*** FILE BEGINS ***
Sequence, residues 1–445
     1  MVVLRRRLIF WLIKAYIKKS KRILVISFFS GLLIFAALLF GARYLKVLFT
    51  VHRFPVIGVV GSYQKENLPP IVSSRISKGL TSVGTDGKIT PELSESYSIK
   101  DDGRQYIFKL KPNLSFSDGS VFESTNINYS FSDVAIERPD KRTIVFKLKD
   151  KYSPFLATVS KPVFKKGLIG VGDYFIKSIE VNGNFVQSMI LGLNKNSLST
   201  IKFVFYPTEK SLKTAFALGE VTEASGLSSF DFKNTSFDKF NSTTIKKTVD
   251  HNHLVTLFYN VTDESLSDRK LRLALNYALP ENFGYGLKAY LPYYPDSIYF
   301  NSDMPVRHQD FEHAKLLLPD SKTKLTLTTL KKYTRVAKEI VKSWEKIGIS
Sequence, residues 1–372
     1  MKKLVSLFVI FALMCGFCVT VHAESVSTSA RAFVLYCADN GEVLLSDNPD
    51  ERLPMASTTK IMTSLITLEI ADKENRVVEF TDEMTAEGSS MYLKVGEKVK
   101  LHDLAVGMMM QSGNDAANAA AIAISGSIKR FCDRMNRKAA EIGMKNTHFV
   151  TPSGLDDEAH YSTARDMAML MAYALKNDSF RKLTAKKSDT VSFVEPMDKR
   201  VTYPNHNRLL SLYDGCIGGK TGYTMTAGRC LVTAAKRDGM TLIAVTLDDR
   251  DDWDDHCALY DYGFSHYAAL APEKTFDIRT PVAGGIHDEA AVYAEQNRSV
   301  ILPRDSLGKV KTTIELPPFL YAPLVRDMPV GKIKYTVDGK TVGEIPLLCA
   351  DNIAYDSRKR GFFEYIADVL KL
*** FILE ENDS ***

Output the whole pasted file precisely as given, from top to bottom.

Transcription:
Sequence, residues 1–445
     1  MVVLRRRLIF WLIKAYIKKS KRILVISFFS GLLIFAALLF GARYLKVLFT
    51  VHRFPVIGVV GSYQKENLPP IVSSRISKGL TSVGTDGKIT PELSESYSIK
   101  DDGRQYIFKL KPNLSFSDGS VFESTNINYS FSDVAIERPD KRTIVFKLKD
   151  KYSPFLATVS KPVFKKGLIG VGDYFIKSIE VNGNFVQSMI LGLNKNSLST
   201  IKFVFYPTEK SLKTAFALGE VTEASGLSSF DFKNTSFDKF NSTTIKKTVD
   251  HNHLVTLFYN VTDESLSDRK LRLALNYALP ENFGYGLKAY LPYYPDSIYF
   301  NSDMPVRHQD FEHAKLLLPD SKTKLTLTTL KKYTRVAKEI VKSWEKIGIS
Sequence, residues 1–372
     1  MKKLVSLFVI FALMCGFCVT VHAESVSTSA RAFVLYCADN GEVLLSDNPD
    51  ERLPMASTTK IMTSLITLEI ADKENRVVEF TDEMTAEGSS MYLKVGEKVK
   101  LHDLAVGMMM QSGNDAANAA AIAISGSIKR FCDRMNRKAA EIGMKNTHFV
   151  TPSGLDDEAH YSTARDMAML MAYALKNDSF RKLTAKKSDT VSFVEPMDKR
   201  VTYPNHNRLL SLYDGCIGGK TGYTMTAGRC LVTAAKRDGM TLIAVTLDDR
   251  DDWDDHCALY DYGFSHYAAL APEKTFDIRT PVAGGIHDEA AVYAEQNRSV
   301  ILPRDSLGKV KTTIELPPFL YAPLVRDMPV GKIKYTVDGK TVGEIPLLCA
   351  DNIAYDSRKR GFFEYIADVL KL